Maanalainen seurakunta laulaa, which translates into something like ‘The underground church singing’, was the performance duo to open the evening’s program. Their piece started with a large projection of the shiny faces of the two young men and a good amount of white smoke. A synchronized but not quite dance that was equal parts awkward and confident made up the second act of their performance. The third and most engaging part of their act involved a stuffed animal. A fluffy grey mouse laid there on the floor, inanimate as stuffed animals tend to be, until the duo intermittingly talked to it. They repeating the two contradicting lines ‘wake up’, ‘don’t wake up’, interspersed with one of the two sipping on a tank of laughing gas hidden in a sleeping bag. The sleeping bag reinforced the boyish and innocent feel of their work, as if everything was the result of a camping trip where the two had been scheming tonight’s performance. The mouse coming to life by being talked to served as a hilarious metaphor or reminder for what happens when we look at art. Because that is basically the audience’s job: bring inanimate objects to life.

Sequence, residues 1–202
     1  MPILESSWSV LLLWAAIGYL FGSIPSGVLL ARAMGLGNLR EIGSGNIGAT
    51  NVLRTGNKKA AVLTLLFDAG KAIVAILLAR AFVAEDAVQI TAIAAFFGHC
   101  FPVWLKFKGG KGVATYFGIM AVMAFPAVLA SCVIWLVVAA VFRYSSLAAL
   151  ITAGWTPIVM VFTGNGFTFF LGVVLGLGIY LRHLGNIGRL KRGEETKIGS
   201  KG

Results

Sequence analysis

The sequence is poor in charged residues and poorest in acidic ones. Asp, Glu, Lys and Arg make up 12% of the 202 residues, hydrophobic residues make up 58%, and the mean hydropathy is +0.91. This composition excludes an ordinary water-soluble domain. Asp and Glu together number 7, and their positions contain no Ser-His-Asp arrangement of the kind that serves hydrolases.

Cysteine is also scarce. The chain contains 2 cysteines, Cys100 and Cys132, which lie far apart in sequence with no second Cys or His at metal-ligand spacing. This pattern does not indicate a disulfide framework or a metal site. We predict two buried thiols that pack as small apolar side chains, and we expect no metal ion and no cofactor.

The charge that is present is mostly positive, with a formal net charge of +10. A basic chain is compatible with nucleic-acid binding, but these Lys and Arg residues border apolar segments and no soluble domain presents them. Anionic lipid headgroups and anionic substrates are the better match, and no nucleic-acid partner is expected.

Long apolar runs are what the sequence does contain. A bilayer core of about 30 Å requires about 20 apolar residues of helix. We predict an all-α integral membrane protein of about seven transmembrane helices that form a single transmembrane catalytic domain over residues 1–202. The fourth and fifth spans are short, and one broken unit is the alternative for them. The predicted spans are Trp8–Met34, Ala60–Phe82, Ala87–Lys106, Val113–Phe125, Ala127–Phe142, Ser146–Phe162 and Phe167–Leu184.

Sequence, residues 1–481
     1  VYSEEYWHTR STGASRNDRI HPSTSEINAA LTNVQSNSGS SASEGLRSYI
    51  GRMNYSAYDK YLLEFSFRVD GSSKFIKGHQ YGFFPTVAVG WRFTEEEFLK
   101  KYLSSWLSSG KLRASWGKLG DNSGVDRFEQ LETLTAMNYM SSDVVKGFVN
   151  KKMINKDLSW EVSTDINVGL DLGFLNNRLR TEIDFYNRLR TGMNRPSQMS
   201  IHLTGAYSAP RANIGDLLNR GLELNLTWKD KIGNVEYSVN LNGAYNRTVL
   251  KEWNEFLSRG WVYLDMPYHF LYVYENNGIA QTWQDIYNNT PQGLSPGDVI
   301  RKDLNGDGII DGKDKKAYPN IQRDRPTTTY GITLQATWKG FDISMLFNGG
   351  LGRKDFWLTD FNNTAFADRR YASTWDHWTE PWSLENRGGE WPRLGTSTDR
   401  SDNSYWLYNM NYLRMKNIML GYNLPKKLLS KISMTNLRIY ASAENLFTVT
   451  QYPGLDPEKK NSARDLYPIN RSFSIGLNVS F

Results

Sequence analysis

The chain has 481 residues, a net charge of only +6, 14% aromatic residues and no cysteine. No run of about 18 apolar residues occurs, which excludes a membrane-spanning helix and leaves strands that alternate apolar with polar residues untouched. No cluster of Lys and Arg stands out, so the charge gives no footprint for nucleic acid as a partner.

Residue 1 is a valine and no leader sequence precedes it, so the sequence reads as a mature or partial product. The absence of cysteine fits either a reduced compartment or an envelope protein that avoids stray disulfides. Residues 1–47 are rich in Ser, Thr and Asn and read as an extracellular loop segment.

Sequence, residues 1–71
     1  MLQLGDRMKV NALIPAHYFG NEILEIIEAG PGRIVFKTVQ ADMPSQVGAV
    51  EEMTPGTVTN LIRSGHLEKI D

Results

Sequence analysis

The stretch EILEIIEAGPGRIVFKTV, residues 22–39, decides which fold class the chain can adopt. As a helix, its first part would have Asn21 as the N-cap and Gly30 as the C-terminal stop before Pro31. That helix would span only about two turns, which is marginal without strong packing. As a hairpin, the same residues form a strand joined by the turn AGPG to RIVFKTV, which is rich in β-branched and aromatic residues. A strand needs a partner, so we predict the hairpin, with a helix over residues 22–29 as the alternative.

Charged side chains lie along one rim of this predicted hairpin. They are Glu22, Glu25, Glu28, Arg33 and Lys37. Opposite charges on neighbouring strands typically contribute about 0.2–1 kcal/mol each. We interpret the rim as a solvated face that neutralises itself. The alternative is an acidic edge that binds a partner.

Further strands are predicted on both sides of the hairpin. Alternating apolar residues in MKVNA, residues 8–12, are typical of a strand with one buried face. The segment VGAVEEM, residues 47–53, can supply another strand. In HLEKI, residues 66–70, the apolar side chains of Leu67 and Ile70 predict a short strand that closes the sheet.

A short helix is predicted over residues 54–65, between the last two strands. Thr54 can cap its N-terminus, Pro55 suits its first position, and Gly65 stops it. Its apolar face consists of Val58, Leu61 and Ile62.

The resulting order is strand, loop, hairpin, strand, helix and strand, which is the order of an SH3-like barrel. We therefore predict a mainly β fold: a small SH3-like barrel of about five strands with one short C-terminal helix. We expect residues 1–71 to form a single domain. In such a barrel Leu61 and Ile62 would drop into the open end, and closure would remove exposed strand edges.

Next up were Echo + Seashell, a Dutch Finnish music duo, here to perform their new song ‘Frutti di Mare.’ The two flirt with pop music, the hidden desire of becoming a pop star is not so much a secret anymore as soon as they enter the stage.
There lies the beauty of their performances, you get to see that longing, their not quite fulfilled desire of becoming a pop star and you get to enjoy the result how close they’ve actually become. Their songs echo the hit songs of Ace of Base and at the same time mimic a monologue of your best friend telling you what happened at the supermarket today.
Here, I find the same adage ‘You can be whoever you want to be’ but it sounds completely different this time. Not in calculated words, mechanically spoken, but charmingly sung and hopeful words of an almost pop singer.